2 CE On Your Own ARTICLE INVITED COMMENTARY Electronic Health Records: The State of Things from a Nurse s Perspective Frances R. Eason, EdD, MSN, RN-BC, CNE, ANEF Professor, College of Nursing, East Carolina University, Greenville, NC Introduction Recently, I was visited by a 6 year old in my office. To engage him in conversation, I asked him why he would need for his mom to write down the name of any medication that he used on a bug bite. After much discussion about the fact that no bug really bit him, we finally got back to the question. When asked again about getting mom to write down the date of the bite and the medication that they applied, I asked him why this was important. He loudly replied, so you will not forget you put Neosporin on it in case you see the doctor. Out of the mouths of babes! While being in this world just 6 years, he knew the most important purpose of documentation, and that is continuity of care. All nurses, irrespective of their work site or their title, no doubt are already using some form of electronic health records (EHRs). Or, their agency administration is considering the benefits, both from a fiscal as well as a human cost perspective, of implementing EHRs. As early as 2004, President Bush appointed a national coordinator for health information technology, Dr. David Brailer. During his tenure, Dr. Brailer proposed the switch from paper charts to the electronic format. Prior to this proposal, many companies had developed some template for EHRs and many agencies had already implemented some form of this technology, even if it were only the nursing assessment and nurses notes. Many supporters of EHRs are quick to point out the advantages of technology which include a long list of the reasons to implement. The actual implementation is very compelling when you consider the benefits of more efficiency and less time involvement by the health care team (Freudenheim, 2012). While EHRs cross all disciplines, the focus of this article is on nursing s approach to adopt, implement and evaluate EHRs. Good Old Days without Documentation or Were They? A look back in nursing assists us to appreciate how far we have come in the practice of documentation. In the beginning of nursing, the nurses role was mainly to care for the patient, the environment and the cooking, as well as other tasks that a person could not accomplish because of the illness. Since the nurse was on duty for long periods of time, including days or weeks, and the physician was the only other care provider, the nurse and physician could communicate verbally. Therefore, no day to day record was needed. Later, the process of maintaining a patient chart allowed nurses to have a specific time to work and the nurse was no longer required to reside at the hospital or the hospital owned nurses quarters, as had been the procedure in the early and mid-1800s. This was a major change as nurses were often required to sit up alternate nights and often only had a one day holiday in four weeks and each year, a one week s vacation (A Century of Nursing, 1950). When formal nursing was implemented in the late 1800s in the US, nurses had actual shift assignments, and the nurses were allowed to leave the agency after completing each assignment. These changes made it necessary to maintain a record of the patient events. These records went from just recording the unusual events to a time when each patient had a daily record. Later, in the 1950s and 60s, the process of documentation focused on activities of the shift, as the idea of a nurse completing an assessment was not yet being practiced. In fact, some of the first nursing assessment textbooks were made available in the 1970s and until that time, assessment was not even a word used in nursing. The activities of the shift were frequently documented by use of words such as; had a NCNA Convention, CE On Your Own F.R. Eason, 2013, 1 5 1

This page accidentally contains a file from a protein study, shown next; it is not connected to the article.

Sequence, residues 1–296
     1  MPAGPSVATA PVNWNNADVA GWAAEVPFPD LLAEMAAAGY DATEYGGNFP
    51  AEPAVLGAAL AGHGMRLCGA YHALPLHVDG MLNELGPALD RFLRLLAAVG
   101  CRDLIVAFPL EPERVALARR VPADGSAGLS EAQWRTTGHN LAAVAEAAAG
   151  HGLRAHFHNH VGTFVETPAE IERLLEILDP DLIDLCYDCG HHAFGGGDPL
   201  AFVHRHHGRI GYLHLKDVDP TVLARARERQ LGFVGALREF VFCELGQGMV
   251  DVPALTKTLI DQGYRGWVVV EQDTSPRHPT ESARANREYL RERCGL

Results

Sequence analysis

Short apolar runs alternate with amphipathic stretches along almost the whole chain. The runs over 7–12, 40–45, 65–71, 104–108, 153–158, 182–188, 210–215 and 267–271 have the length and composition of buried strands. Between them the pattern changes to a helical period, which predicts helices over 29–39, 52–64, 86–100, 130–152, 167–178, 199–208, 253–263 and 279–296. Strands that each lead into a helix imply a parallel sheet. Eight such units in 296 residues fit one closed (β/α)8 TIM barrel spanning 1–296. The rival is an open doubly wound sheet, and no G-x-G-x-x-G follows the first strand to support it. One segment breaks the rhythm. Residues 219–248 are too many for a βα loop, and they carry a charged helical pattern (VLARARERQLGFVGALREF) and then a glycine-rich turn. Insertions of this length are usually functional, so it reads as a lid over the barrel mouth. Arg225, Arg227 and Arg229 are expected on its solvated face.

3 good day, in good spirits, no complaints, or complained all day of pain or walked in the hall. Documentation was mainly about the process and not how the activity affected the patient. This form of documentation required the nurse to at least make a summary statement at the end of the shift (end charts) and also to report the amount of the meal(s) the patient consumed. Meals were often recorded as ate well, took about ½ of the meal or some other quantity of food which was recorded as ate fair or ate poor. The other form of documentation that was used was block charting which was one comment at the end of the shift that summarized the activities of the shift. This form of documentation by the nurse was acceptable as there were no patient assessments, nor was there a focus by the nurse on patient outcomes. Nurses notes were often not reviewed by the next shift nurse or the physician, and most likely today we can appreciate that lack of review since the record was about activities and not patient outcomes. Was it really a patient record or truly a nurse s note? Records were maintained by nurses and as other disciplines became involved in the care, they too utilized the chart to record discipline focused assessment, patient progress and other information. Many agencies began to adopt formats such as PIE (Problem, Intervention, and Evaluation) or the SOAP (Subjective observations, Objective observations, Assessment, and Plan). Still this was done using a paper chart and handwriting. Also in use were nursing care plans that were based on the future, while the patient care record was primarily the past and the present. Often these care plans were discarded upon discharge and were considered work sheets and not part of the official record. As the years passed, different strategies were used in health care agencies to document in the patient record. Some of these strategies included charting by exception which may still be in use in some format today, and even serves as the basis for some templates of electronic records. While the idea of charting by exception seems very user friendly, the chart often times was an accumulation of the negative findings as a result of the patient assessment. Only the exceptions from normal were included and often times did not show improvements or the return to a normal state. Even as charting by exception became commonplace, Boards of Nursing continued with Nurse Practice Acts that indicated assessment results were to include all findings suggesting both the normal and the abnormal. Many agencies pre-printed forms that contained the expected normal as the criteria and the nurse checked the box if these normals were found. This saved a great deal of time; however nurses often complained that they felt as if they were not documenting enough. On the other hand, if deviations from the normal criteria were found, then the nurse would either highlight or place an asterisk in the normal box and write the exact exception to the normal. This format served nursing well if the guidelines for this type of documentation were taught and were followed by all of the nursing team. In addition, the handwritten paper format with contemporaneous or as it occurred observations is still in use today by many health care providers. So are flow sheets for both measurement and interventions that occur on a routine basis. Many of the early computerized clinical records that were used were based on flow sheet formats. Factors that Influenced Computerized Documentation In the late 1980s and the early 1990s, many areas of the US reported a nursing shortage. Quickly, many nurse advocates suggested that new methods were needed for supporting nurses, decreasing costs and maintaining effective health care while minimizing the effects of the nursing shortage. In addition, the storage of large volumes of patient records in paper copies was expensive and the accumulation was a major problem for many institutions. Scanning and storage on microfiche or other media was necessary, which was a labor intensive process. In addition, it was becoming common to read in nursing literature about errors made in health care and how computerized documentation could impact these errors especially those that were the direct result of handwriting. In particular, medication orders were often misread because of the handwriting and patients received medication too frequently or dosages not prescribed. At that time, the technology was available and being used in other fields which could impact these problems. For example, the technology was being used in supermarkets that mimic what we use today in health care to scan and determine correct medication dosage by use of a barcode. The timing was right for computerized documentation in health care and so many companies began to market the hardware and software to impact these needs. Nursing records seemed the appropriate place to start computerization since nurses documented a lot of data which was used by many other health care providers during the hospitalization of the patient. However, soon after discharge, this paper copy was usually filed and NCNA Convention, CE on Your Own F.R. Eason,2013,1 5 2